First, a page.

President Jacob Zuma (front left), Deputy President Cyril Ramaphosa (front, second right) and  ministers and deputy ministers celebrate Africa Day 2017.  Picture: GCIS
President Jacob Zuma (front left), Deputy President Cyril Ramaphosa (front, second right) and ministers and deputy ministers celebrate Africa Day 2017. Picture: GCIS

It’s never nice to be the one to spoil the fun, but the story doing the rounds this week that the ANC’s national executive committee (NEC) will ask President Jacob Zuma to step down, sadly is a case of wishful thinking.

There is no doubt that Zuma’s presidency is damaging the ANC’s credibility and its chances at the polls, come 2019. There is also a growing realisation that instead of Nkosazana Dlamini-Zuma being helped in her campaign for the ANC presidency by her proximity to Zuma, the association is proving more of a handicap day by day.

To dump Zuma now and shore up support ahead of the election is the rational and sensible thing for the ANC to do.

The problem is that the ANC has been neither rational nor sensible for quite some time.

Although signs of dissent grow by the day — now Zuma is banned from addressing gatherings of Cosatu and Parliament plans an inquiry into Eskom — the NEC is sharply divided. Convention is that all decisions are taken by consensus or sufficient consensus and that no voting takes place. To win a no-confidence vote in the NEC would require a good deal more than 50% plus 1. Probably only 70% could do it. The anti-Zuma crowd just doesn’t have this kind of support.

But what of his supporters; the many men and women on the NEC who owe their positions to him and who are part of his monstrous patronage machine? They too are well aware that should the ANC’s electoral fortunes decline significantly, they will find themselves outside Parliament and the government — which means they will be without the only livelihood they have ever known.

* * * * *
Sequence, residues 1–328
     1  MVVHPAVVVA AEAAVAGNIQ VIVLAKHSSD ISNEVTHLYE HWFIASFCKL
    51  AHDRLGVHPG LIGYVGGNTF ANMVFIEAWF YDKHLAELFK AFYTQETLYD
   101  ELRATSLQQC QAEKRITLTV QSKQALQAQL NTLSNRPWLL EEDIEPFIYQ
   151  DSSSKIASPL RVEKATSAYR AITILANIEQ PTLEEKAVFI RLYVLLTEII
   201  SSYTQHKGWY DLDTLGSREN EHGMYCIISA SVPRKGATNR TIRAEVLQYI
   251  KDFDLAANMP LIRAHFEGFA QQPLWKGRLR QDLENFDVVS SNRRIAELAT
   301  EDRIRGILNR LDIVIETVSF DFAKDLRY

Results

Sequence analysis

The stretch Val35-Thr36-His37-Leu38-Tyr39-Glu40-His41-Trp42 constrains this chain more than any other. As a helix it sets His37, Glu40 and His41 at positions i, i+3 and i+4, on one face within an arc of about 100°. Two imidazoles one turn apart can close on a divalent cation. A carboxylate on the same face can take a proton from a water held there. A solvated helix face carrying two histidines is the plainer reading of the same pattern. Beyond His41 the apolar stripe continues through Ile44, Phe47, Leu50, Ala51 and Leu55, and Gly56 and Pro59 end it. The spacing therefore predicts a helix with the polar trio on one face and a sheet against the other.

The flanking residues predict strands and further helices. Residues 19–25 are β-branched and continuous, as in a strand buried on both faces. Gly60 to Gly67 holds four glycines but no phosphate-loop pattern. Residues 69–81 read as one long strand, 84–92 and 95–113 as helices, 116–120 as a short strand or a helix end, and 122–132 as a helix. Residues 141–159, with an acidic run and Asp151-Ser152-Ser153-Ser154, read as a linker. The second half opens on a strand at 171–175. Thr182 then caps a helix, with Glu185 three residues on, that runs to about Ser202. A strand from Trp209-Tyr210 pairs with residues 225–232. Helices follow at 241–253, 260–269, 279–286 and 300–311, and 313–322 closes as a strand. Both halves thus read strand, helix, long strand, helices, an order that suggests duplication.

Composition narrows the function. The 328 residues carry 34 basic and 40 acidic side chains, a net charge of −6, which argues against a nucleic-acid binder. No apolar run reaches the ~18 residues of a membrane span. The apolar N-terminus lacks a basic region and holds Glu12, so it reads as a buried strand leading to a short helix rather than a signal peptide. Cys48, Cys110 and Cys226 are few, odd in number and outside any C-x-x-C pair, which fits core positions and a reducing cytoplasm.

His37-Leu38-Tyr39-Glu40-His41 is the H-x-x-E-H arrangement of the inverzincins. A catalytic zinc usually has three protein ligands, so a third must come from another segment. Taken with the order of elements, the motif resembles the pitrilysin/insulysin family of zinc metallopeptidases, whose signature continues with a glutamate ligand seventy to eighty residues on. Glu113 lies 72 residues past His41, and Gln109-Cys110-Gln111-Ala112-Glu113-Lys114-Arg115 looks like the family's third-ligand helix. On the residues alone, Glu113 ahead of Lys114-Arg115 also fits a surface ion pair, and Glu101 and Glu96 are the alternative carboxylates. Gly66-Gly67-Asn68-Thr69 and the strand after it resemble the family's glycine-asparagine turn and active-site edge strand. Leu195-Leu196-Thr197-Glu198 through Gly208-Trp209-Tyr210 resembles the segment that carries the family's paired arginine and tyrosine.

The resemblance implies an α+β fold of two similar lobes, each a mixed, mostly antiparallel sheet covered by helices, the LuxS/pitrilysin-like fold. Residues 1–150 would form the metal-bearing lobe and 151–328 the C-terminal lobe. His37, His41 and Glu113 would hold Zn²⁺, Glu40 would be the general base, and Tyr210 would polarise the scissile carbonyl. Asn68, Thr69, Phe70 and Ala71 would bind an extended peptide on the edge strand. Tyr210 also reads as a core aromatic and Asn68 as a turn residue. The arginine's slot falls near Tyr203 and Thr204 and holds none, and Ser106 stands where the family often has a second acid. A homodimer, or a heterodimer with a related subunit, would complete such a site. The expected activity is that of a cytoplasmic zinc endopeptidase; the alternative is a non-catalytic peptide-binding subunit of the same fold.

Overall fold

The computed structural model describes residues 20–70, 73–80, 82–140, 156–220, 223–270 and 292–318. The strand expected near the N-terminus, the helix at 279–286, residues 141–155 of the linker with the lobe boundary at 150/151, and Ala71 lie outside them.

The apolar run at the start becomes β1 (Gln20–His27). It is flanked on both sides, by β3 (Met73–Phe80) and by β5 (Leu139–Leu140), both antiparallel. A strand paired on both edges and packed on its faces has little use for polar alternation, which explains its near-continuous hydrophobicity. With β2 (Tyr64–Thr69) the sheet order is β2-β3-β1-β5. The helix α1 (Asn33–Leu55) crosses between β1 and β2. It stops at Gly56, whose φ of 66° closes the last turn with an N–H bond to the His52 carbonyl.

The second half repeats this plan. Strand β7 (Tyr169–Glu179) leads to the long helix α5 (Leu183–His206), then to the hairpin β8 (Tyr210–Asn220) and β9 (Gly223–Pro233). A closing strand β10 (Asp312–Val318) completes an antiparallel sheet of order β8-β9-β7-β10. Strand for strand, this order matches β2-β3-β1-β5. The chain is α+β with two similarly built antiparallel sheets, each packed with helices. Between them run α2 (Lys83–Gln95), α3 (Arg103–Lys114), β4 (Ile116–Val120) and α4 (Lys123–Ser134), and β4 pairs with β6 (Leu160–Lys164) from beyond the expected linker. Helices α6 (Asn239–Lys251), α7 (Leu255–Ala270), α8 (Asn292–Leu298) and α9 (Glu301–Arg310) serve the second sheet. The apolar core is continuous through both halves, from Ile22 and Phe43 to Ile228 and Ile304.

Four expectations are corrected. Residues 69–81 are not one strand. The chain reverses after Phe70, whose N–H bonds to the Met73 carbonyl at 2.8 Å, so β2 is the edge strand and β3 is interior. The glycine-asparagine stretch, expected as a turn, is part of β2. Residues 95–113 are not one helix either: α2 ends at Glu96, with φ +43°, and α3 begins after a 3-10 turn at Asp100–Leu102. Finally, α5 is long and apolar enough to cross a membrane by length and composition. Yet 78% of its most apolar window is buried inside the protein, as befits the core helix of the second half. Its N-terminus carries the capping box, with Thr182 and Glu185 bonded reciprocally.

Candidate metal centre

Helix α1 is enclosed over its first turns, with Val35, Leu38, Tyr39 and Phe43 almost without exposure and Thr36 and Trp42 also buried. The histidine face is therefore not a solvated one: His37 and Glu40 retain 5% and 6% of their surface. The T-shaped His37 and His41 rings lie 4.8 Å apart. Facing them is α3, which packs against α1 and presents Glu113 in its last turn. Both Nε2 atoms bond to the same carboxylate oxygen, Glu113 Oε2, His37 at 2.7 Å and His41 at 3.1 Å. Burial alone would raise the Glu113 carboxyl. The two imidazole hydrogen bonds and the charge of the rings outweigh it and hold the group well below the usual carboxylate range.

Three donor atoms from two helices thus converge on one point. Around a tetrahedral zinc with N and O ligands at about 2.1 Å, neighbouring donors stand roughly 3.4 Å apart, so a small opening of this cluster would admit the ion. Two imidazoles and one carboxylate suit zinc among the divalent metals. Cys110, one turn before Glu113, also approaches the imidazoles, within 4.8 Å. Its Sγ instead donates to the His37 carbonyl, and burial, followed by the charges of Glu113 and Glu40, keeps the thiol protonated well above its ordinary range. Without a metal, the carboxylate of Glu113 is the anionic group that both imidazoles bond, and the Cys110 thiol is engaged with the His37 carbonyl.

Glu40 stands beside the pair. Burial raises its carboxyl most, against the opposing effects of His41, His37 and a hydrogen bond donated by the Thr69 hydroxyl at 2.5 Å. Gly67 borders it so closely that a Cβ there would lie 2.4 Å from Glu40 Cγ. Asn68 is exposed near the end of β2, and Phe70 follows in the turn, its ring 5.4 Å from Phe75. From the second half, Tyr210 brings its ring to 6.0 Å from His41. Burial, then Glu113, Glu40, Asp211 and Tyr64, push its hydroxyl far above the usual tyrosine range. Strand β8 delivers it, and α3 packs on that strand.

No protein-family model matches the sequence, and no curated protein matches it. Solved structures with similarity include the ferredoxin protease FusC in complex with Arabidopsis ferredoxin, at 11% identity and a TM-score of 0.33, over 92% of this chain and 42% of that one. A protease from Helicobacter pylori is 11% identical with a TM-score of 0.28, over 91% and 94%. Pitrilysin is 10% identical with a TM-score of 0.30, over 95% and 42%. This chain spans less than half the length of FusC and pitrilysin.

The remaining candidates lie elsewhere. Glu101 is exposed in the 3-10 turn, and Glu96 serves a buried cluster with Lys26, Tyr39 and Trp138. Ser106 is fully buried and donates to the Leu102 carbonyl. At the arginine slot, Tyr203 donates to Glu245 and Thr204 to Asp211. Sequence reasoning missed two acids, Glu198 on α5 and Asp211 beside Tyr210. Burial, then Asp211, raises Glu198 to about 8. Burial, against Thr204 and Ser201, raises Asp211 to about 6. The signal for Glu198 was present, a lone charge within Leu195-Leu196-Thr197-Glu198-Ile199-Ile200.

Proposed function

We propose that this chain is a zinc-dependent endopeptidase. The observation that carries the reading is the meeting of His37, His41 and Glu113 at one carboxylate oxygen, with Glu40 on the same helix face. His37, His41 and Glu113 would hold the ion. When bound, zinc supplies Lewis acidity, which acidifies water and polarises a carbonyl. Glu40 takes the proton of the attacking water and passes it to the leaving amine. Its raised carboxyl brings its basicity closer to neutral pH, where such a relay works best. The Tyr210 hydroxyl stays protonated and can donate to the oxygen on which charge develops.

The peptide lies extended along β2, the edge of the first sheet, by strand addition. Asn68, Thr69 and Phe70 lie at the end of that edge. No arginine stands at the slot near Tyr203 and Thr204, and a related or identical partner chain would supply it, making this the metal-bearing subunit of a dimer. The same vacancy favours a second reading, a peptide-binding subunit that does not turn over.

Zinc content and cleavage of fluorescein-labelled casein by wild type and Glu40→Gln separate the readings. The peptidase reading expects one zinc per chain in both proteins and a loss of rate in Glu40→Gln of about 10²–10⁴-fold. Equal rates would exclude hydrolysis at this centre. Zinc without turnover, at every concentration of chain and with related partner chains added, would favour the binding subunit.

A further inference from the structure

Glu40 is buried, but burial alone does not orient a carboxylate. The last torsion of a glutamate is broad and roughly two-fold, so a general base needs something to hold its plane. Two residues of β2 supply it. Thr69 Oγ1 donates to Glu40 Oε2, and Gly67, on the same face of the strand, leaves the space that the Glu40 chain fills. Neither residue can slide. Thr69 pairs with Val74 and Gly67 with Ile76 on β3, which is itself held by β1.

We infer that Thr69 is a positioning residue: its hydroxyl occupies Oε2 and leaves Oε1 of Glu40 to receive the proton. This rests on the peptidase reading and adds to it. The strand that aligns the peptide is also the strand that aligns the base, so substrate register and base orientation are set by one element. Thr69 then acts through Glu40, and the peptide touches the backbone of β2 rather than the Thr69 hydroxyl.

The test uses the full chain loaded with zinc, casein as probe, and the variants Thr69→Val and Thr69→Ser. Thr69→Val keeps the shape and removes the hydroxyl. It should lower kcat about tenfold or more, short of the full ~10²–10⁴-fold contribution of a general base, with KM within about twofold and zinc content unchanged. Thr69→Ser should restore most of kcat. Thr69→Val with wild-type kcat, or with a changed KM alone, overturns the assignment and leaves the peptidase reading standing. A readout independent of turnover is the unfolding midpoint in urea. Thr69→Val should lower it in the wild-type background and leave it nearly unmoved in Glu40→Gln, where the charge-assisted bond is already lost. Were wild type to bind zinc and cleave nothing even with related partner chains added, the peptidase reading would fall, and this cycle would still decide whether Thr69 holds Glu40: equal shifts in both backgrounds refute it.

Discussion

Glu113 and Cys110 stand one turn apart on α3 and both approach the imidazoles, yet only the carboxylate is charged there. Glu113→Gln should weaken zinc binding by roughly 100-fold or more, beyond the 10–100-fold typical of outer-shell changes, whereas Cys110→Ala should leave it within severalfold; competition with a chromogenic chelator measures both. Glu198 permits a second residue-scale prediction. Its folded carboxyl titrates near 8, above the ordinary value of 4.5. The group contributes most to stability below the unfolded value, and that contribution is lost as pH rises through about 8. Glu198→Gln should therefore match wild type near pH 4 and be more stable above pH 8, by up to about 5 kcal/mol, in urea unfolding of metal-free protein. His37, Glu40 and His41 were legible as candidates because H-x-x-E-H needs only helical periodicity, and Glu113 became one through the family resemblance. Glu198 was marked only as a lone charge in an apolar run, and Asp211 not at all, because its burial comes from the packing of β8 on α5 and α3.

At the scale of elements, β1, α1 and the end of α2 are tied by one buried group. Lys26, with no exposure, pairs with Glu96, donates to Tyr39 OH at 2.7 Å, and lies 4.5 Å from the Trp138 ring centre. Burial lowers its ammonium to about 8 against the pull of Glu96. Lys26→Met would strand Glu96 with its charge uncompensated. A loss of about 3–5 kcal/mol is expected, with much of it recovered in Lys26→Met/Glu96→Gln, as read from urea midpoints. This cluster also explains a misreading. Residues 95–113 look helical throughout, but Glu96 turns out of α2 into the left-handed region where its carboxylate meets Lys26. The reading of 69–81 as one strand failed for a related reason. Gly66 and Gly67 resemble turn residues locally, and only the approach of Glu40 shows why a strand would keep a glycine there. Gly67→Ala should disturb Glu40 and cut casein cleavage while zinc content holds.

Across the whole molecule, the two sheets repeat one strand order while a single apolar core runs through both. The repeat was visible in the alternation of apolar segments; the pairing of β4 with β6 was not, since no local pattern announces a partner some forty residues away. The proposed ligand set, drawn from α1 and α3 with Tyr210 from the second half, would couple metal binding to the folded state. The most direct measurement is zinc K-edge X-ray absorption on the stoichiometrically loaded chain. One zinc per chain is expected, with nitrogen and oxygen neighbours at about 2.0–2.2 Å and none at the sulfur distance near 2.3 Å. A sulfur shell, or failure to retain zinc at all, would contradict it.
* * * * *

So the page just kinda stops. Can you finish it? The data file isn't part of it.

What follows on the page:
This lot are caught in a double bind. As much as they realise the damage being done, they have no alternative candidate in the ANC to put forward to step into Zuma’s shoes. Dlamini-Zuma, who is their choice for the next president, is not popular enough; neither is she a member of Parliament. Baleka Mbete, another option, is extremely weak and could do more damage than leaving Zuma in place. An opponent of their faction — Cyril Ramaphosa, Zweli Mkhize or Lindiwe Sisulu – is simply unthinkable, given the reversals in the patronage machine that would be sure to follow.

For them, it is best to hang on until December, when the ANC’s national conference sits. It is only six months away and the general consensus among them is that this faction will win the conference hands down. They will not give away power, when the big prize is almost in sight.

For the ANC and for SA, everything now depends on the December conference

For the ANC and for SA, everything now depends on the December conference. Aside from Dlamini-Zuma, all of Ramaphosa, Sisulu, Mkhize and Mbete continue to campaign and mobilise branches as if this is a fair and open contest. So do provincial strongmen aligned to Zuma, Ace Magashule, David Mabuza and Supra Mahumapelo.

No matter who wins, big political changes are afoot. If it is the Zuma faction, then it is likely that, at last, he will be asked to step down and a new power bloc will be assembled to prepare for 2019. If it is the Ramaphosa side that wins, to keep Zuma on as president will be intolerable.

There is also the possibility that in the light of a highly contested conference, the conference could collapse or the ANC could split into two halves, each proclaiming itself the true party.

SA is impatient for change. From investors, who seek hope in wishful headlines, to workers who are watching joblessness and desperation grow, all agree that change in political leadership is now imperative. The exact size, shape and form of it at this point is highly uncertain.

But there is only another six months to wait before that change will be here.

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